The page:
How do I know this happened? I've seen countless near misses just like it. People drive like complete maniacs on Vietnam's two-lane country roads, and huge vehicles regularly pass other huge vehicles in high-speed, high-stake games of chicken. Taking a bus to Da Lat or Mui Ne can be terrifying, as the drivers repeatedly floor it to get past someone and narrowly jerk the vehicle back into the right lane just before we all get blasted to pieces by an oncoming bus. Why is this necessary? Just drive like a decent, intelligent human being. I don't care if it takes an hour longer. I'd rather live.

That's what I don't understand about the traffic problem here: doesn't everyone want to live? Why are people so accepting of driving like a complete moron? Do they think the worst-case scenario just won't happen to them? Why aren't people here organizing campaigns to improve driving methods? Who knows what those tens of thousands of people who die every year in unnecessary collisions could accomplish?

People like to joke about Vietnam's traffic, but it's not funny. If some kind of disease was killing over 15,000 people a year the country would be in lockdown and everyone would be going crazy. Why is this taken with a shrug when it's traffic killing so many? It's insanity. I don't think I'll ever hear a satisfactory answer. I realize writing this here is useless, since if you read this blog I assume you're either an expat or an intelligent enough Vietnamese person to know better than to drive like a...like a...there honestly aren't even adequate English adjectives to describe drivers here.  Still, I wanted to get this off my chest. Maybe I'll get some answers.


  1. I was in VN for the first time last month and I definately know where youre coming from.

    Motorbikes, taxis, and the sleeper bus that I took to Nha Trang all drove like mad men. I dont understand the logic of the people there.

  2. Hmm, I felt like I needed to reply to this post. I lived in Vietnam for 15 Months, riding a scooter every day, and the traffic is definitely a hectic situation. You write some very strong opinions, about the people, which I disagree with. This is the problem with generalising, and writing out of anger. In my entire time, I saw a couple of accidents, but that figure of 15,000 is a complete lie, that is never proven, and I remember doing some research and it sat around 3000 dieing per year, which is still a hell of a lot. You can choose to publish this or not, but I think that if anyone is thinking about going to Vietnam, and reads a post like this, they will think badly about the people there.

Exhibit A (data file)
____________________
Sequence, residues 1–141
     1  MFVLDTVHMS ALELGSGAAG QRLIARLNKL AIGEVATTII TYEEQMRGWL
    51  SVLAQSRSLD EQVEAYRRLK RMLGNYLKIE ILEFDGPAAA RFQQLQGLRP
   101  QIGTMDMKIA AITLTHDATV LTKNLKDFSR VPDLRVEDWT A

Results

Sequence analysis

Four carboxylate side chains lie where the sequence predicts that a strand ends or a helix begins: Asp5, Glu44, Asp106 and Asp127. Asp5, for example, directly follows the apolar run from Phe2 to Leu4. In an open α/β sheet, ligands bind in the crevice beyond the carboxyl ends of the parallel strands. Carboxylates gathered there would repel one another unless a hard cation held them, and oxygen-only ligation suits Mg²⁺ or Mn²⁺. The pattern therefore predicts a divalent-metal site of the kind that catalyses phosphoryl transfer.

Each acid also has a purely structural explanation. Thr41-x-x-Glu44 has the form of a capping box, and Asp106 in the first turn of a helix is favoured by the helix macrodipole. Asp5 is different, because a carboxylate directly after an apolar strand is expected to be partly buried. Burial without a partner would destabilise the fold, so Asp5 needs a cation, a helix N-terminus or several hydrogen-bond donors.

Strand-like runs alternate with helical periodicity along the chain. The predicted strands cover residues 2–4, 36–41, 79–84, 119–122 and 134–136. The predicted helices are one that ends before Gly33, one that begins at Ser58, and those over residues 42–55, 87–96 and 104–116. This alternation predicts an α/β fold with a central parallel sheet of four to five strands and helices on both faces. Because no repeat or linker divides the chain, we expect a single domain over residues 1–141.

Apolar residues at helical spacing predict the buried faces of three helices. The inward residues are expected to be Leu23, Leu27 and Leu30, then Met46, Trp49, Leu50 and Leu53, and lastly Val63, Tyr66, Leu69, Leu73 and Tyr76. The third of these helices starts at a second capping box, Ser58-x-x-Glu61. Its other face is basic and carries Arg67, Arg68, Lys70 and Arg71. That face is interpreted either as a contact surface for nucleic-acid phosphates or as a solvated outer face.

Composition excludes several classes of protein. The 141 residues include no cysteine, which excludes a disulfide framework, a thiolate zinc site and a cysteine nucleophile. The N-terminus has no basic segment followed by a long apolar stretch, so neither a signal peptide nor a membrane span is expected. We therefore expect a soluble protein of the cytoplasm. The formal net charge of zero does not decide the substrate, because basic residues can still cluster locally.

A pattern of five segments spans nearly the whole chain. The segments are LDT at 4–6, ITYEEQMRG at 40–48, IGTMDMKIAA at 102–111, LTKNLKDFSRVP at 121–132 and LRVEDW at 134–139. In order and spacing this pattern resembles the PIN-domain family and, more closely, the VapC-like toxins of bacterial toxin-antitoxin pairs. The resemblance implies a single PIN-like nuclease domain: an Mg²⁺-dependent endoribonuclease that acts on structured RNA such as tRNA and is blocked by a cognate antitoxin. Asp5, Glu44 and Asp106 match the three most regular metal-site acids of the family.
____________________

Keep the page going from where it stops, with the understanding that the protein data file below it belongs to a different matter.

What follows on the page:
1. How is 15,000 a complete lie? Every agency out there (and not just ones in the Vietnamese government) agrees that the number is enormous. Also, I don't think I'm generalizing. If you drove for 15 months you had to have seen more than a couple accidents, and you surely saw much of the behavior I describe. Anyway, my job isn't to sell Vietnam. My goal is to show what life is like here, and if you drive, this is what it's like.

  3. Oh I remember the traffic! it was even scary to cross by foot....

  4. Let's try some facts:

    1. About 80,000 people died from cancer each year in Vietnam, so 15,000 is a long way from the number 1 spot

    2. The US, which is a developed country, has about 30,000 people died from traffic accident per year. The US has a population of 300 million compared to 90 million in Vietnam. The ratio is better in the US, but is not a whole lot better.

    Those are facts.

    Now let's get anecdotal...

    Your story is right and I agree that sometimes people do seem to value life less with a decision to pass someone on the wrong lane and barely missing the oncoming bus. There's no excuse for that.

    As for the rate of accidents witnessed or experienced by foreigners in Vietnam, I think it seems more often because it just registers to you more...or in cases where it occurs more often, it's because foreigners are as suitable drivers in Vietnam. It sounds contradictory, but Vietnam is a system of chaos, in terms of how traffic currently is, and if you expect it any other way, you'll find yourself wrong..and possibly injured.

    Like every foreign places that we visit, we should learn the ways of those places rather than imposing our ways. Not asking you to be romans in Rome, just asking you to understand romans in rome first...and then you'll be able to navigate better.

    I am a Vietnamese American living in Vietnam. I grew up in the States since I was 10 and now am in my early 30s. I have motorbiked over 10,000 km throughout Vietnam...

    ...not that I really need to justify my argument beyond the argument itself.

    1. Yea I realized after writing this that cancer is far worse than the accident fatality rate. My bad. I'm afraid I don't quite get your argument though...I'm not saying we should buck the system of driving, I just think people shouldn't be such massive idiots while they drive. Also I've probably put in a solid 6-7,000 km on the roads here, so we both obviously have a good idea of what we're talking about.